In this story, a mouse’s squeak sets off a chain reaction that wakes all the animals in the surrounding meadows and mountains. I painted the illustrations in black and white gouache resist and my sister Kate McGee colored them in Photoshop, as we did for Little Wolf’s First Howling,

THE ILLUSTRATIONS for SQUEAK! are delivered to Philomel for publication next spring. So it is time to scratch around for a new project. How to begin?

BEGIN as a cobbler – laying out all the pieces of the story on the bench. It’s going to be a shoe, but what sort of shoe? Bright buckles? Strong arch support? High heeled, strappy, patent leather?

Begin with an overheard line: “As long as you’re home in time for wormcakes,” or “You’re just a baby. A baby, baby, baby,” or “I remember he was missing a few fingers.”

Begin with a character and the stakes: a child in jeopardy, a badger or weasel or mouse with unquenched desire. Yearning is not enough, begin with clear need.

Begin with a sequence: days of the week, or the five senses, cities along a highway. Sequence can open up a writing experience. Begin there

or with place. Begin with a place that holds memories of the life lived there: the janitor’s hideout in the school basement, a dresser drawer that served as a cradle, a sun-parched hillside.

FREEDOM flows when I approach the blank page. In some ways a new beginning feels like the first time I tried to write anything. In other ways, I lean on 27 years of making picture books.

I think of Seahawks football coach Pete Carroll, talking about the freedom that players gain when they master their skills. He said: “Think of a dancer. Dancers work and they work and they work and they master their skill – or singers – they master their skills so far that improvisation just comes flowing out of them. Their natural expression of the best they can possibly be comes out of them because there is no boundary to hold them back.”

I hope for such intuitive leaps, but am aware of my shortcomings, too, and appreciate encouragement from Leonard Cohen’s Anthem:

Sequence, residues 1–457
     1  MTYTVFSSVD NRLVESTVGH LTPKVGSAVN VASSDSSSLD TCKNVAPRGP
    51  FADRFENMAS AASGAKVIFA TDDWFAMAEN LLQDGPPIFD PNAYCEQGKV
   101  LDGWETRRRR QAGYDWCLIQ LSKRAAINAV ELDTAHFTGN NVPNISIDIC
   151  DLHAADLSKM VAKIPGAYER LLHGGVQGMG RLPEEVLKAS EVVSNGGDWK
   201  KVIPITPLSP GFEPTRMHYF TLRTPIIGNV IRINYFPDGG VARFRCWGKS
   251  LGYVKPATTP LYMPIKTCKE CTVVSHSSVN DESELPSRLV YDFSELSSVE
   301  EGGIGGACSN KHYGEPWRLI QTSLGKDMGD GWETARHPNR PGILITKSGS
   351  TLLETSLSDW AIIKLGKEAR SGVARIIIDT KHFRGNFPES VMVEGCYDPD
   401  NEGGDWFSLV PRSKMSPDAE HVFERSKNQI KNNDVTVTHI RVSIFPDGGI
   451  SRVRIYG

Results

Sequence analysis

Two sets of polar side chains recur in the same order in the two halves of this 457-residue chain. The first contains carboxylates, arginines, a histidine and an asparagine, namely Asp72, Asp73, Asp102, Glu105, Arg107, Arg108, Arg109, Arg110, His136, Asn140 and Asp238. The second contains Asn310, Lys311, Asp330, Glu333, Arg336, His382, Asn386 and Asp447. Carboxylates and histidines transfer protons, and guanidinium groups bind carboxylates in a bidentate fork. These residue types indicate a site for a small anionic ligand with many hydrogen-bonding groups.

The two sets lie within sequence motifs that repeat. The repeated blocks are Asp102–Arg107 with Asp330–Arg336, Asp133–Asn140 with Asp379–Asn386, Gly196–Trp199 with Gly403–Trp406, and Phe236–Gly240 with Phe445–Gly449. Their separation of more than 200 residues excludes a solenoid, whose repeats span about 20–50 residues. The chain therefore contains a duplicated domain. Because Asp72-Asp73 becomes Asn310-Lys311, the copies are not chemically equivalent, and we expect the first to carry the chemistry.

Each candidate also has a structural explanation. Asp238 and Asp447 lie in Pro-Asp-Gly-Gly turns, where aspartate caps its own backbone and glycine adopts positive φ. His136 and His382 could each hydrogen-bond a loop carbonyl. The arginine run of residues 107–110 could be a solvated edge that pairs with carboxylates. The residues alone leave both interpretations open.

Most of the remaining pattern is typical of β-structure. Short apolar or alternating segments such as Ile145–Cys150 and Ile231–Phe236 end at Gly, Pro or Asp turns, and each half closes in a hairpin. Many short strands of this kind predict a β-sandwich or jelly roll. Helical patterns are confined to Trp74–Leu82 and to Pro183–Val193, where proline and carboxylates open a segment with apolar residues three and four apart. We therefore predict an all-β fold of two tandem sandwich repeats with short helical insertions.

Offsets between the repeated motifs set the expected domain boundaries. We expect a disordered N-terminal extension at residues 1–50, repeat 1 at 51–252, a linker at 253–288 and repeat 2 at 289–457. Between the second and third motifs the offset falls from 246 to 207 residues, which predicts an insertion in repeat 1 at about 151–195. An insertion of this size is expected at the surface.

Ring the bells that still can ring. Forget your perfect offering. / There is a crack in everything – that’s how the light gets in.

BEGIN. Let the world fall away and follow the path into the story – as long as you’re home in time for wormcakes.

11 responses to “PICTURE BOOK FODDER

  1. Oh thank you! I am sitting down to write a beginning too, and instead I check my email, and find your post, and am comforted and inspired. Maybe I can do it. xo

    • Here’s the quote I first met in The Artist’s Way that gets me going:
      Until one is committed, there is hesitancy, the chance to draw back, always ineffectiveness. Concerning all acts of initiative and creation, there is one elementary truth the ignorance of which kills countless ideas and splendid plans: that the moment one definitely commits oneself, then providence moves too.

      All sorts of things occur to help one that would never otherwise have occurred. A whole stream of events issues from the decision, raising in one’s favour all manner of unforeseen incidents, meetings and material assistance which no man could have dreamed would have come his way.

      Whatever you can do or dream you can, begin it. Boldness has genius, power and magic in it. Begin it now.
      Johann Wolfgang von Goethe

  2. How grateful to hear of fresh beginnings: sometimes light as a feather falling, or as momentous as a thunder shower, but enough to move a little character on his path!

  3. A lovely post, Laura. I vote for “be home in time for wormcakes.: 🙂

  4. Laura, I want you to know that my granddaughters and I LOVE Little Wolf’s First Howling. We howl together when I read the book aloud to them. It’s such fun. It’s my six-year-old granddaughter’s favorite book. Looking forward to reading Squeak!

  5. I’m sitting in my hopelessly messy office at 5:00 a.m. resisting the urge to clean. I read your inspiring post and know: It’s time to WRITE!

  6. Laura, This is the exhilarating part! New beginnings. The world is wide open, stretch your net. I do think “worm cakes” sound mighty tasty…if you are in that frame of mind. Congrats on getting the “ART” in the bag.

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